Colson: Is it deja-vu when it’s really happening again? | AspenTimes.com

Colson: Is it deja-vu when it’s really happening again?

with John Colson

Holy financial corruption, Batman — can it be true? Are the same kinds of Wall Street shenanigans that caused the 2008 financial crisis still going on?

Yes, Robin, it's true. Just ask Hollywood.

That's pretty much the message that played over and over again in my brain as I walked from a theater recently after viewing the Adam McKay film "The Big Short."

Based on Michael Lewis' 2010 book with the same title, which lasers in on the causes of the financial crisis, "The Big Short" is a tough film to watch and an even tougher film to fully comprehend.

That's because the underlying financial schemes that brought the world briefly to its fiscal knees are labyrinthine and nearly impenetrable to most of us.

In fact, even the fiscal maniacs who used them to get rich while they despoiled the American dream for millions of people probably never fully understood these toxic financial devices.

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But, hey, what else is new?

If you've ever sat down and talked with a so-called financial whiz kid, you understand fully that they are not from the same world that you inhabit. Their vision is radically short-term, their hearing ability seems nearly nonexistent beyond the sounds of their own voice and the "ka-ching" of their rising personal wealth, and their sense of compassion for the little guys and gals of the world either never fully developed during childhood or atrophied as soon as they figured out that screwing the "other guy" could make them rich.

So the fact that most of them probably never really understood the very devices they were using, beyond the basic understanding that they were making obscene amounts of money, should not be that surprising.

Anyway, regardless of the difficulties encountered by moviegoers, "The Big Short" (either the book or the film) is now on the required-reading or -viewing list for anyone who wants to know more about our recent international meltdown.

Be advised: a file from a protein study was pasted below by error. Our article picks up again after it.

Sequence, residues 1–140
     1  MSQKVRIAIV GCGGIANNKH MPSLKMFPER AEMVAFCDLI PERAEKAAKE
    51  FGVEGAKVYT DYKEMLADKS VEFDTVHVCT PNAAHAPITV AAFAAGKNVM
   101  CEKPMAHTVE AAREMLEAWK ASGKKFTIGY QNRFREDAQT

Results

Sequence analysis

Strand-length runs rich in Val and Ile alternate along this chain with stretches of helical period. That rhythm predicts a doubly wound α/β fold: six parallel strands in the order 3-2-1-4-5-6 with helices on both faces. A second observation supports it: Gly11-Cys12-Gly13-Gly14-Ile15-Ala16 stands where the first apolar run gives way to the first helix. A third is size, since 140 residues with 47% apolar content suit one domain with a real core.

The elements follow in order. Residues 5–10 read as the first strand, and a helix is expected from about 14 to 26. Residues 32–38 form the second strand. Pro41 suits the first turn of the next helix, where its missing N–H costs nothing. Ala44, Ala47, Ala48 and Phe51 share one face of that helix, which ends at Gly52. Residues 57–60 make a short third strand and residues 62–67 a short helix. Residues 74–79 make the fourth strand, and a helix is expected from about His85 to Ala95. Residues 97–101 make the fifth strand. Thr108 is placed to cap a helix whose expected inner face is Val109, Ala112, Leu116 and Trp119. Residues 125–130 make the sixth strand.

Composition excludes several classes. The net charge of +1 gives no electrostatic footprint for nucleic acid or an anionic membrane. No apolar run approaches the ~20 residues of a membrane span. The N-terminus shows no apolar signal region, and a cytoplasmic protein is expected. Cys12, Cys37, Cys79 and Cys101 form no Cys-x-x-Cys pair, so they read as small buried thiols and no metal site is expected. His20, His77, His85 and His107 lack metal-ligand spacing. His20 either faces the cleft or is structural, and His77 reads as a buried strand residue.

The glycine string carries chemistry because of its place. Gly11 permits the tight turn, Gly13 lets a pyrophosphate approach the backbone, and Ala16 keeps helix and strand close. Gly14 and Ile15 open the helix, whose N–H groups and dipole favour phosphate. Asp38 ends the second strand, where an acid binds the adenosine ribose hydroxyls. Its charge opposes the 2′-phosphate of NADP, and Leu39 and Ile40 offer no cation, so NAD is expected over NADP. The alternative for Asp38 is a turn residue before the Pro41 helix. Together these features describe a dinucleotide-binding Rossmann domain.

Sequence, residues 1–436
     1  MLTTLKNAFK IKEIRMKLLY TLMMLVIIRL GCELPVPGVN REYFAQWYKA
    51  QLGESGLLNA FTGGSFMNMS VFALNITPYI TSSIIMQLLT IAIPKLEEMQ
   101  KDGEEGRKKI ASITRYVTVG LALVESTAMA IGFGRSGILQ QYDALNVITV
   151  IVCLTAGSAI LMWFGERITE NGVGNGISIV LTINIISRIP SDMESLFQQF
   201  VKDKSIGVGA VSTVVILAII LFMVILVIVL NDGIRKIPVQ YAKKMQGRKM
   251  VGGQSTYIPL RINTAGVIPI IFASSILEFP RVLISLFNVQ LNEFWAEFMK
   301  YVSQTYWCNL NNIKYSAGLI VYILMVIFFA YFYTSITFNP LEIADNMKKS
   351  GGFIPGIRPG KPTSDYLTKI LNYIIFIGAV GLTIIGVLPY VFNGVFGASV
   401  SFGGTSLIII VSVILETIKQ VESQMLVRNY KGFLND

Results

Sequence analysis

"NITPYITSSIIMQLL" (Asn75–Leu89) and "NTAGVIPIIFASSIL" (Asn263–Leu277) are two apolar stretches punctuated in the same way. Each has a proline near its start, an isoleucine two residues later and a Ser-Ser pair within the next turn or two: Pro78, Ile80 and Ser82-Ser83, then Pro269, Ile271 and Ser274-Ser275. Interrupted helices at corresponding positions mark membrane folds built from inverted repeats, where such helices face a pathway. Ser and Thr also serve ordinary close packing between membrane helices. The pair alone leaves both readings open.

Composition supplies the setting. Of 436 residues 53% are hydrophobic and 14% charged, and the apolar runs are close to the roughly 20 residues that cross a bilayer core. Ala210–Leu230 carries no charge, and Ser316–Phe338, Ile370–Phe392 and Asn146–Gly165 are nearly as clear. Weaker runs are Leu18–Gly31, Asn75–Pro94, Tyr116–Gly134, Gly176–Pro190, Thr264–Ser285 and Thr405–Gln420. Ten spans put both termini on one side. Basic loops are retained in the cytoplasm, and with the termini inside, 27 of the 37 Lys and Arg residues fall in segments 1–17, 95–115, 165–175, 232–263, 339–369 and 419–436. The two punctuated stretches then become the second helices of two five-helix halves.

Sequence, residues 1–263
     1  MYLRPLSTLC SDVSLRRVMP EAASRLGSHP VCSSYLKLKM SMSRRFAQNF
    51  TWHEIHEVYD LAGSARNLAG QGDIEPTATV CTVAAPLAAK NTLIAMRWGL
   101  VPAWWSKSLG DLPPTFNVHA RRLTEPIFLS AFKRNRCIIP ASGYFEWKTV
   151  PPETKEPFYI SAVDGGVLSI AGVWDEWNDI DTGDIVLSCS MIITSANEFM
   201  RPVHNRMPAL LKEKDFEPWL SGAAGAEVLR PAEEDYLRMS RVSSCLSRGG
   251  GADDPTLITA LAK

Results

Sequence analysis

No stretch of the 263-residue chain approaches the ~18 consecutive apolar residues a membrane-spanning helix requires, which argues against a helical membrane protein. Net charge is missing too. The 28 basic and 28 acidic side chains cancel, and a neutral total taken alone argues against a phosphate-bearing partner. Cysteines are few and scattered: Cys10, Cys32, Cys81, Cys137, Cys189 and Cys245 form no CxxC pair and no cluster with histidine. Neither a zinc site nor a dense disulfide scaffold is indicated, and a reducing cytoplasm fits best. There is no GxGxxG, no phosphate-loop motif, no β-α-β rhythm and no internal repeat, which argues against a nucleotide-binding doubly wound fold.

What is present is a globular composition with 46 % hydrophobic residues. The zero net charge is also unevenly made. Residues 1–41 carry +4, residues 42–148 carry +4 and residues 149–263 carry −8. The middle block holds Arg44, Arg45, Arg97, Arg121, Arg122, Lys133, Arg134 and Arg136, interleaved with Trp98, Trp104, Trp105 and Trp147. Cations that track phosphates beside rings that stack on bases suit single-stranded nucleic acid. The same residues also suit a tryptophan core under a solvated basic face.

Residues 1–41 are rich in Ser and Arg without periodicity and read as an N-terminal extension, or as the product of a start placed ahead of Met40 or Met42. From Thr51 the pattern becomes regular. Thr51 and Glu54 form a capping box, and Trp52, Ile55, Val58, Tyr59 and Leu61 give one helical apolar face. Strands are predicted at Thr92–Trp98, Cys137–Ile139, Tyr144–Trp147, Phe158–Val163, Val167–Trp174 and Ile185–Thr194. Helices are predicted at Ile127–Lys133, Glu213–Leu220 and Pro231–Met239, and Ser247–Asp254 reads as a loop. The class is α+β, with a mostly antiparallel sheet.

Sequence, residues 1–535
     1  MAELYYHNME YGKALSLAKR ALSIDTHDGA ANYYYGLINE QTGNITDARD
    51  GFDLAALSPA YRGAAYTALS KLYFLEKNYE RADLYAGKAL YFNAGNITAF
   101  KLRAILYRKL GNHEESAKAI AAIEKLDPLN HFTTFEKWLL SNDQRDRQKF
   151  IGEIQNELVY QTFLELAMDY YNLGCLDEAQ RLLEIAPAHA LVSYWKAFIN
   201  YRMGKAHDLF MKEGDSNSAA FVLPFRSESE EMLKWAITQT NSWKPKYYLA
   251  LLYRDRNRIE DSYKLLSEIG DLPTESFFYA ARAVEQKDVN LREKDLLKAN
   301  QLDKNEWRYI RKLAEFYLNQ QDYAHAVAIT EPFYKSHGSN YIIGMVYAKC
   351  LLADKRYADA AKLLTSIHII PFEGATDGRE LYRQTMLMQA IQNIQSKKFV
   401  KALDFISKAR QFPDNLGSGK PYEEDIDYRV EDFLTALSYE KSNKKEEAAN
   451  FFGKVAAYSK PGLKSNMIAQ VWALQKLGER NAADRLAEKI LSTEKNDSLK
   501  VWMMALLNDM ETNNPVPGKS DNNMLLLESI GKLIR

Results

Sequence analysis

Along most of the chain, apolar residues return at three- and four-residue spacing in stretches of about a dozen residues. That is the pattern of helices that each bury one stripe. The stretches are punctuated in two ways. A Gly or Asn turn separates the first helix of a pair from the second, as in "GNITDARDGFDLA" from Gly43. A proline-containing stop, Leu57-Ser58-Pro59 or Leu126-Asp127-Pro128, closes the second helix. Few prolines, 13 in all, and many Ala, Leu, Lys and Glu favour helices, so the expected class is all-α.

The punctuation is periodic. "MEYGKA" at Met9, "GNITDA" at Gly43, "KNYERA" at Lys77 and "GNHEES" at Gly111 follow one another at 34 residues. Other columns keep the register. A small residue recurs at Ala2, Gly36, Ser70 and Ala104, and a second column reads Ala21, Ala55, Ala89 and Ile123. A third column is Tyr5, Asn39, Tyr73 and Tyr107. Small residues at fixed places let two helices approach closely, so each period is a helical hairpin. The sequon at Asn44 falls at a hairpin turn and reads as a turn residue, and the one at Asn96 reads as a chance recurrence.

Granted, before walking into the theater, you first must be willing to pay close attention to what's going on up on the screen; to compare the on-screen action to your own memory of events leading up to, during and after the financial crisis; and to apply your best analytical skills to unraveling some of the more complex points made by the film — not the sorts of demands normally made of a movie audience.

The reward, however, is worth the effort, as it leaves you with renewed feelings of outrage that of the hundreds of financial experts and executives who should have gone to jail for their fiscal crimes, only two have actually served time, and both of them were low-level traders who came here from other countries.

And the much-ballyhooed "billions" in penalties paid out by such institutions as JPMorgan Chase or Goldman Sachs, two of the worst offenders in the crisis?

Well, as was pointed out a year ago by writer R.J. Eskow on the HuffPost Politics blog, both have made back those billions many times over despite having been guilty of "investor fraud, consumer fraud, perjury, forgery, bribery, violations of sanctions laws against countries like Iran and Sudan, illegal foreclosures on active-duty service members and their families … The list goes on."

And what's worse, the devils who did it to us before are doing it all over again.

At the end of "The Big Short," viewers are warned that there is a new investment vehicle out there, known as the "bespoke tranche opportunity," which is nothing less than "collateralized debt obligations" — the product at the heart of the financial crisis — dressed up a bit and with a new name.

Financial reporter Stephen Matteo Miller, on the U.S. News website, noted that these same financial tricks also failed back around 2001, when the tech bubble burst, and even as far back as 1994-95, in the so-called Tequila crisis that began in Mexico.

So, these collateralized debt obligations and their fiscal cousins already were old news and well-known fiscal booby traps by 2005, when Wall Street started climbing on the bandwagon that rolled the world over a financial cliff three years later.

But Washington wasn't paying close attention, the financial watchdogs at the Securities and Exchange Commission had seen their budgets cut so badly they were essentially playing table tennis in the dark with our nation's fiscal well-being, and Congress had long been bought out in terms of posing any kind of regulatory threat to the financiers who bankrolled the members' campaigns.

Are we poised at the brink of another financial crisis?

No one seems to know, but many

are afraid.

And at the same time that all this is going on, our corporations are scrambling to get out from under U.S. regulatory and tax laws by engaging in something called "tax inversion" — merging with, say, a European firm that acts as a tax shelter for the putative American company's earnings.

What do you think they know that the rest of us don't?

See the movie, and think about it.

jbcolson51@gmail.com

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